Chinese tourists buy 16pc of life insurance sold in Hong Kong

Steady increase in spending on products prompts industry players to raise concern over risks from closing transactions during short trips

PUBLISHED : Monday, 07 April, 2014, 10:08am
UPDATED : Tuesday, 08 April, 2014, 1:56am

More mainland tourists are buying insurance in Hong Kong - spending HK$15 billion last year - a trend industry insiders fear could lead to complaints if sales are not handled carefully.

Mainland tourists' share of new life insurance sold in the city grew to 16 per cent last year from 13 per cent in 2012, 9 per cent in 2011 and 4 per cent in 2010.

Hong Kong insurance agents are barred from selling any products on the mainland, but mainlanders can buy policies from Hong Kong agents or banks when they visit the city.

Chan Kin-por, the legislator for the insurance industry, said mainlanders had become an important source of business for Hong Kong-based life insurance companies.

"They don't just come here for cosmetic products or jewellery but also to buy life insurance products. This is because the insurance products offered here have more features and higher returns compared with what are on offer across the border," Chan said.

Savings-type life insurance policies in Hong Kong can usually deliver 4 to 5 per cent annual returns, higher than the 1 to 2 per cent offered by mainland policies.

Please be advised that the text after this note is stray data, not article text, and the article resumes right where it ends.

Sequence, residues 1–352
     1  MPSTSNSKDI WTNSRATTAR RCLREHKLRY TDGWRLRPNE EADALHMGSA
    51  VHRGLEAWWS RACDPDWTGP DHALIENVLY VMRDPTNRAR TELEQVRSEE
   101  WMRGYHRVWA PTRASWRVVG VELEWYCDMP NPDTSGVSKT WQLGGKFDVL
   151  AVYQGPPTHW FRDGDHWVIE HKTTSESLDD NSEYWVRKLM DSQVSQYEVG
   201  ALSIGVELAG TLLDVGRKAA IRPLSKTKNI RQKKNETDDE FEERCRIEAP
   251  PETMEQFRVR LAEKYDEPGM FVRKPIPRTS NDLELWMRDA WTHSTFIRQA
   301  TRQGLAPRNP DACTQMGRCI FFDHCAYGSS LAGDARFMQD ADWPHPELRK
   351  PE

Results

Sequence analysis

In addition, mainland insurers can issue only yuan-denominated policies, but Hong Kong insurers offer policies denominated in US dollars or Hong Kong dollars and yuan.

"It's good that our insurers can sell to mainlanders. However, we also need to be aware of the risks involved, as many mainlanders are buying the policies during short trips here," Chan said.

"It would be a problem if the agents or the bank staff do not get the time to fully disclose the risks or product features to them. Some mainland tourists could complain in future [if things go wrong]."

Some insurance companies have been hiring migrants from the mainland to pitch the products to visitors.

A senior executive of an insurance company who did not want to be named said his firm required agents to record the entire sales process to prevent mis-selling to mainlanders.

Mainland clients are also required to visit the company's Hong Kong offices to have pictures taken there as proof that they bought the policies in the city.

"Our company wants to ensure the clients are not misled about the risks involved. All insurance companies are taking similar measures," the executive said. "The government and the Hong Kong Federation of Insurers should take the lead to educate mainland customers on how to protect their interests while buying policies in Hong Kong. Preventing mis-selling would benefit the whole industry in the long term."